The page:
When it comes to building your pole barn, don’t underestimate the importance of insulation. Smart insulation practices will help you control heat loss and gain, and help manage the flow of air in and out of your building – and that creates crucial advantages.

The following 5 tips will help explain those advantages and help you insulate your pole barn more effectively. We also include bonus insights on preventing moisture in your pole barn.

pole barn

1. Understand just how critical insulation is for you and your pole barn

Insulation will help maintain a consistent temperature in your pole barn building. That means it will also help:

Generate lower energy costs

Heating and cooling a pole barn can be a significant financial investment. Boosting the R-value – a measure of your insulation’s ability to resist heat traveling through it – can result in significant savings. Generally, the higher the composite R-value of your walls and ceiling, the better.

Prevent damage and deterioration

Uncontrolled air flow causes excess moisture and condensation, which can lead to rust, mold, and mildew. These things can not only damage the building itself but also the vehicles, equipment, and anything else you store inside it.

Promote a healthier environment

Controlling the heat and cold, and even the noise, with effective insulation practices helps create an overall healthier dwelling space for both people and animals.

How to Build a Pole Barn That Lasts

 

2. Be clear on how you plan to use your pole barn

Do you want a pole barn garage where you’ll likely be working for only a couple of hours at a time – and in mild weather? Will it be a “man cave” (or “she shed”) where you might spend all day? Are you insulating your attic? What kinds of equipment and materials do you plan to store?

Insulation isn’t a one-size-fits-all construction step.

Insulation isn’t a one-size-fits-all construction step. Answering questions like those above is crucial because what goes in – and what goes on inside – your pole barn should determine your insulation decisions.

For example, let’s say you plan to use your pole barn for animal confinement. You may not need much, if any, wall insulation because the animals themselves, especially horses, generate a lot of heat.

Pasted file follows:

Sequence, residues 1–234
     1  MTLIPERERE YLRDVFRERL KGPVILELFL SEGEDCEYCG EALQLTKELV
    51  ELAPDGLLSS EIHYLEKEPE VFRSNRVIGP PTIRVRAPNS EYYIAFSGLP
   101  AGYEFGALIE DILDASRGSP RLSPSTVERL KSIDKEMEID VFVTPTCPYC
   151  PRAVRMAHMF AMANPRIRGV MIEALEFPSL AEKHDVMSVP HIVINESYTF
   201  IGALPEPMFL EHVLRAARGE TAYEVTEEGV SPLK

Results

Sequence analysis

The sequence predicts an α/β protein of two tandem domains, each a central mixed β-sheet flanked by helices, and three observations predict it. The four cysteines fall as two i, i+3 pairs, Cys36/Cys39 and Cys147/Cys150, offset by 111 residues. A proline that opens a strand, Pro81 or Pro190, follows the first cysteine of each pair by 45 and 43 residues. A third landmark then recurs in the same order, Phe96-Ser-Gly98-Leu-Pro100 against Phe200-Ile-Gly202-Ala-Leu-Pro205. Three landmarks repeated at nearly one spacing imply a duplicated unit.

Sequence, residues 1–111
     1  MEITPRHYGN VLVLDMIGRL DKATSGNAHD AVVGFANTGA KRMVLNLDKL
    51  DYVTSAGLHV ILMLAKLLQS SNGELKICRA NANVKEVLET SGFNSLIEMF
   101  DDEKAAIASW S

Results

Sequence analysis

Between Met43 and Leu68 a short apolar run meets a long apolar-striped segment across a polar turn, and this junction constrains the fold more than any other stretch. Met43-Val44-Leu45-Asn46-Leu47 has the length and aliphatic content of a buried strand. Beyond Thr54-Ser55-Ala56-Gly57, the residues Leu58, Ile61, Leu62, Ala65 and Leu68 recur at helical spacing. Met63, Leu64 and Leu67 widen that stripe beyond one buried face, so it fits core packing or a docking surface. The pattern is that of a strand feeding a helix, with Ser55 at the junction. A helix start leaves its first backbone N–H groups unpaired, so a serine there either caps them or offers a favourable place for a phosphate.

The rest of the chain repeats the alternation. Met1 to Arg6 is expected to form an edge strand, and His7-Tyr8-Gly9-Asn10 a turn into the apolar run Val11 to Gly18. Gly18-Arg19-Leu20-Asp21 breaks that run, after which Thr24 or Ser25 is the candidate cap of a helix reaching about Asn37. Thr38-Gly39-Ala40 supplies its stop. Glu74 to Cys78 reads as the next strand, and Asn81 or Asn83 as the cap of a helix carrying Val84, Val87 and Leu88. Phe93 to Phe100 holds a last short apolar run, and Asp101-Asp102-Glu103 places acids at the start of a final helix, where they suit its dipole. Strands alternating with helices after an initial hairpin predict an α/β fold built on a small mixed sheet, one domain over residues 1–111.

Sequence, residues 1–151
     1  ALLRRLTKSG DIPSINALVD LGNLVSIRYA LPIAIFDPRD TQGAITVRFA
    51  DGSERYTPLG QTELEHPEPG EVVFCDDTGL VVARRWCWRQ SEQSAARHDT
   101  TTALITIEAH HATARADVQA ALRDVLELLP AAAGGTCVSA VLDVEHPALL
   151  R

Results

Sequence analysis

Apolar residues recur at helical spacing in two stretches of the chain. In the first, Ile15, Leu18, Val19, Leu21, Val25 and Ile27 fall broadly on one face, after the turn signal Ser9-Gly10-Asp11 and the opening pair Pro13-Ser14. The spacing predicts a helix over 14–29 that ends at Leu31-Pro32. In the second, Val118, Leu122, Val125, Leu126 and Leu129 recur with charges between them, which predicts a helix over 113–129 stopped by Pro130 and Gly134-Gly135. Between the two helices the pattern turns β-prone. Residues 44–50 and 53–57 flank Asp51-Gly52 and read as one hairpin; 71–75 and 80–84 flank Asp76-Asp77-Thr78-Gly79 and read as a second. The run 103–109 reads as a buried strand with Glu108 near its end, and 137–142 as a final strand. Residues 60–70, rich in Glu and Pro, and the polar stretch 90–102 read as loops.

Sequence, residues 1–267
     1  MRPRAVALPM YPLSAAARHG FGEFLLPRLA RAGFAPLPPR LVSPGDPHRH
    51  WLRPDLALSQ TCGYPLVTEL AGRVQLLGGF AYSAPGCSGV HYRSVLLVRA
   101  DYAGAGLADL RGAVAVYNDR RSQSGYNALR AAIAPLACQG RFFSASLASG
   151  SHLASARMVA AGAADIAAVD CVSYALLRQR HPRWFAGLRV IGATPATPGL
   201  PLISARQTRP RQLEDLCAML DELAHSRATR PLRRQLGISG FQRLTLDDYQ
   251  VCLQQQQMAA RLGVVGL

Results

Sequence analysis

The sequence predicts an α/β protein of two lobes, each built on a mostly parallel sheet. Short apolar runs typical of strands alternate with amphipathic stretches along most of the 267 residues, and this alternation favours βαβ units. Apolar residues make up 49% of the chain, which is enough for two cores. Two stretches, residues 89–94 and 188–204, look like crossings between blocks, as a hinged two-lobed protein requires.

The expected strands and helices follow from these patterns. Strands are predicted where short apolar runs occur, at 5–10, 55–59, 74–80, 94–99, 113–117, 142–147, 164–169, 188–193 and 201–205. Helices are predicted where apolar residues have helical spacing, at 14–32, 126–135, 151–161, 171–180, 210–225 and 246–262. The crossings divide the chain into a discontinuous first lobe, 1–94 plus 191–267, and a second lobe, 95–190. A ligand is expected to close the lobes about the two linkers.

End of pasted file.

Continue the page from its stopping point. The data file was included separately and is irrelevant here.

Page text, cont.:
In this case, we might advise you to place insulation under the steel of the roof to reduce condensation during summer or reduce radiant heat when the sun is shining. Alternatively, you may want to use a condensation control measure like a DripStop membrane (discussed more below).

Design Plans
3. Start planning for insulation in the design phase

The key to insulating your pole barn effectively is to start with the right building design. That’s why the best time to address insulation is in the design phase, before construction begins.

A properly designed wall system – and overall pole barn structure – could improve your building’s ability to withstand cold and heat by 17%, and possibly more.

With a poorly designed building, you’ll always be fighting a losing battle, no matter what type of insulation you use.

The following considerations can help your pole-barn’s insulation capabilities and overall performance.

Understand that well-insulated walls = well-engineered walls

The less obstruction you have in a wall cavity, the better your insulation will work. Think of anything in your wall that’s not insulation as a bridge. Heat and cold will travel across that bridge, which is exactly what you don’t want.

A well-designed pole barn building will typically have columns placed 8 to 10 feet apart, instead of the conventional 16 inches with stud wall systems. Less obstruction equals more insulation and less chance for cold to travel through the wall.

These factors allow for more insulation to meet or exceed energy code requirements and to lower your energy costs.

In the chart below, we compare the raw insulation value of a wall with properly spaced columns to that of a stud wall insulation system.

R-Value table

Consider slab/foundation insulation

When having a pole barn built, you need to think carefully about its long-term possibilities. And that’s especially true when it comes to foundation insulation. Opting to install it later will require digging up your site and trying to squeeze it under your building. And that will take a lot of time and extra expense.